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BartEsq
BartEsq, Researcher
Category: Business Law
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Experience:  Juris Doctor
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(I asked this question yesterday and received an answer. I

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(I asked this question yesterday and received an answer. I want one more just for due diligence. We are friends and I want to show that I am doing my part to be fair) Two people founded a small business and agreed to be 50/50. They didn't have a partnership agreement. A few months pass and the company Gross Sales are about $2900. One partner is doing 90% of the work. The other provided most of the initial startup cost which was $450.00 The company makes all of their money from their website. The partner who made the initial capital investment is going to leave the company and is asking for a buyout. He is owed appox $500 in expenses. There are no tangible assets besides a $100 printer. I offered him $1000.00 to cover expenses and his initial capital investment. This is what he emailed me (he is counting his capital investment as an expense): "You know know and I know companies sell for 3 to 5 times their net value. In the last two months, we have sold close to $1000 each month. This is a great company in which both parties have built. You offered me $1000 for everything. Are you trying to cheat me? I know you better than that and that is not a fair offer. You told me you would be fair and $1000 does not even cover my expenses. Here is what I am thinking: 1) The total expenses equal $1,187.18, in which, I have all the necessary receipts to prove legally. 2) I am not trying to gouge anyone's eyes and ask for 3-5K, but I have come up with a number of $1,187.18 + $1,500 for a grand total of $2,687.18 to sell out my share of the company." What would be fair?  I could easily dissolve the company and start another one but I am trying to be fair.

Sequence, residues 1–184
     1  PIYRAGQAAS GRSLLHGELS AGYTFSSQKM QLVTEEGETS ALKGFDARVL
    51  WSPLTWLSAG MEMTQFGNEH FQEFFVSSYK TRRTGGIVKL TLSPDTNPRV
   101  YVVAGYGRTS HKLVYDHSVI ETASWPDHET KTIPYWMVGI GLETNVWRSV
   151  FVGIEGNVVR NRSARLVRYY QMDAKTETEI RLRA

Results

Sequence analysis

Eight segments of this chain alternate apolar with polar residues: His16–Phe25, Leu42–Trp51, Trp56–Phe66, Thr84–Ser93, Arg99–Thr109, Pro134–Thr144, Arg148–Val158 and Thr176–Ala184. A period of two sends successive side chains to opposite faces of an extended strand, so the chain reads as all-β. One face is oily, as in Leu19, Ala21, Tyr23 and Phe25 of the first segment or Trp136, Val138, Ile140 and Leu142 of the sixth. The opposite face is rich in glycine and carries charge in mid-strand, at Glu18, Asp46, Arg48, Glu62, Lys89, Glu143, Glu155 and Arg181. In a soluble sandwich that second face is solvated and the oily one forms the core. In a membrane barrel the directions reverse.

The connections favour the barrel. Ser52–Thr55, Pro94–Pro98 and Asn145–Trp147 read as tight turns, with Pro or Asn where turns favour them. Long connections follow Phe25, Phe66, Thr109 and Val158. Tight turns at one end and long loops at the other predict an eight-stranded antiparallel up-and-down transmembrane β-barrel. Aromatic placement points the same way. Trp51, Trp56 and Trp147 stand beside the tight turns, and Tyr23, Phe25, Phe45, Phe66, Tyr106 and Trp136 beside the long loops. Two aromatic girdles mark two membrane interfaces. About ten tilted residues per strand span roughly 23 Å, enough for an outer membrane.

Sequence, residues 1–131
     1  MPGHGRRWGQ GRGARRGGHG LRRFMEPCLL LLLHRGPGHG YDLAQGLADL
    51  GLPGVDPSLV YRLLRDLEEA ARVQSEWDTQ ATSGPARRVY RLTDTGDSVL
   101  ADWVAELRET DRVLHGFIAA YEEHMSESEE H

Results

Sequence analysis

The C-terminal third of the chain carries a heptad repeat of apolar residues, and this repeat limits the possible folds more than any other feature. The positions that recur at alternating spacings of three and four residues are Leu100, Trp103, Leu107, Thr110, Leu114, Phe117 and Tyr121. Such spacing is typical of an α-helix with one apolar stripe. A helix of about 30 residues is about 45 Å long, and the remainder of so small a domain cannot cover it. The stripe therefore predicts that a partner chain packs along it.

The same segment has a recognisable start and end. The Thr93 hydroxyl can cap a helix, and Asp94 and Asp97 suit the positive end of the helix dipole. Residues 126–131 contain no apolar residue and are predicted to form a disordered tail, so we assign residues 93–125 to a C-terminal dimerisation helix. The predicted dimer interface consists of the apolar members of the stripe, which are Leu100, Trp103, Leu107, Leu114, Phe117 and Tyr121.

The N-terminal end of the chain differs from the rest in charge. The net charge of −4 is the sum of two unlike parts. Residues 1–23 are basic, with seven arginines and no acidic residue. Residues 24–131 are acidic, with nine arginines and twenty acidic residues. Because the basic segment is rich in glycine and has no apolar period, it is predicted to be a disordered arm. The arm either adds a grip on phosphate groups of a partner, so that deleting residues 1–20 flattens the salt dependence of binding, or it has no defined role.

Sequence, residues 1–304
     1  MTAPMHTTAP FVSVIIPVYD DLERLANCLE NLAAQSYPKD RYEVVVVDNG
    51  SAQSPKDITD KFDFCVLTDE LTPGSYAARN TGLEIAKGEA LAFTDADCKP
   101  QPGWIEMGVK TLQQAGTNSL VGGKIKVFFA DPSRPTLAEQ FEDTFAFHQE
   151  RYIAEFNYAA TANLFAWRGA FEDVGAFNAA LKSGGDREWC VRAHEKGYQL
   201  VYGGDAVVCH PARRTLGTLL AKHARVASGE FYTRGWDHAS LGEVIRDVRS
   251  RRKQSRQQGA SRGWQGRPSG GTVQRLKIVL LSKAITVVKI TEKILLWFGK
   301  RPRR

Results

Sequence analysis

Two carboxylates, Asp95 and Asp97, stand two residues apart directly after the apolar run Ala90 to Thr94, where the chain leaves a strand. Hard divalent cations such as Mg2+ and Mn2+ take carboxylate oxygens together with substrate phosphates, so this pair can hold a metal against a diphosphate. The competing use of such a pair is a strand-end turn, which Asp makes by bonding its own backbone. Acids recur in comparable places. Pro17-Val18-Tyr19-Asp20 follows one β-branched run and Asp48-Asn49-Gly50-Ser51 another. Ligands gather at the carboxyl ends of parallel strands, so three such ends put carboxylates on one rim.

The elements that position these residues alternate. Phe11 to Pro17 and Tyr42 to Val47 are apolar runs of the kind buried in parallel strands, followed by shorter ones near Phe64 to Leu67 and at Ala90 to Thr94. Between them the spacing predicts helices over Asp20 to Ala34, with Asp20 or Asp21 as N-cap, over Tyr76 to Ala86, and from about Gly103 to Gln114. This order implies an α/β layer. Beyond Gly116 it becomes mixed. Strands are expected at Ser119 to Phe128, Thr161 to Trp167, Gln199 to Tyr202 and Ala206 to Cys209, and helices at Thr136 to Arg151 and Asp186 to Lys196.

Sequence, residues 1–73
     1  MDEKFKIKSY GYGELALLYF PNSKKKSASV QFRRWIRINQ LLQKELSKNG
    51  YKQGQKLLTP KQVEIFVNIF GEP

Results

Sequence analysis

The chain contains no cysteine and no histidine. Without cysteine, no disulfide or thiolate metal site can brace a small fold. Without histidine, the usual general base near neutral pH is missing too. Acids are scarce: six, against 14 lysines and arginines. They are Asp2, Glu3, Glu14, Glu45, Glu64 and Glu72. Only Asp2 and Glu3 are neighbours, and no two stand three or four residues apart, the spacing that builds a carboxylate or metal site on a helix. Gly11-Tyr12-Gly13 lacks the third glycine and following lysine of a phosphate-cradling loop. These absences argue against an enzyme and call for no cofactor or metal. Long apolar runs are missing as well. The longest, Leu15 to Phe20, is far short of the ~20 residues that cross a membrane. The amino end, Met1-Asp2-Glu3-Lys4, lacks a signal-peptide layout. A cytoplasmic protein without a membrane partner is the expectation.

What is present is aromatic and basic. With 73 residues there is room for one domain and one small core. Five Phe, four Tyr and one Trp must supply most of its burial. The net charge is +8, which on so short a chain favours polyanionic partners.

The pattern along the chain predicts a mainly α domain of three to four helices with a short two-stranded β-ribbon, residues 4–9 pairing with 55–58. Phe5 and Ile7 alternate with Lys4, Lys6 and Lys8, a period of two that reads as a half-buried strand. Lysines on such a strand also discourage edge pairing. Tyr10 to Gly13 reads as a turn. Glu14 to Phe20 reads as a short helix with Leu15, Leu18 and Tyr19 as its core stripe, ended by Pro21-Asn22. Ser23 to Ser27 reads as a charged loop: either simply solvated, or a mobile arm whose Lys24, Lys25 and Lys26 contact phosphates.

bart0358 :

To be fair, you should split tilt the total earnings 50-50. Just because you did not have a partnership in writing, the state will apply one to you by default. If you both put in the same amount work I would say to pay the start up expenses and then split the profits. But since you brought the labor and he brought the start up capital, split the earnings 50-50. Then it would be in your best interest to dissolve the partnership and start your own. If I were in your shoes and my partner approached me in the sense of buying him out I think I would laugh.

bart0358 :

An informal partnership will not have the same type of value he is thinking with buying businesses for three times their worth. This is only for successful businesses with promised profits in the future. I'm not trying to belittle your business but at this point with only having $3000 profit, neither one of y'all would be in a position to even go to court and fight it out. It would cost you at least three of $500 just to get in small claims court.

bart0358 :

Worst-case scenario, dissolve and start your own formal business entity.

bart0358 :

I hope this helps, please remember to accept if my answer was useful psyching get credit for my work.

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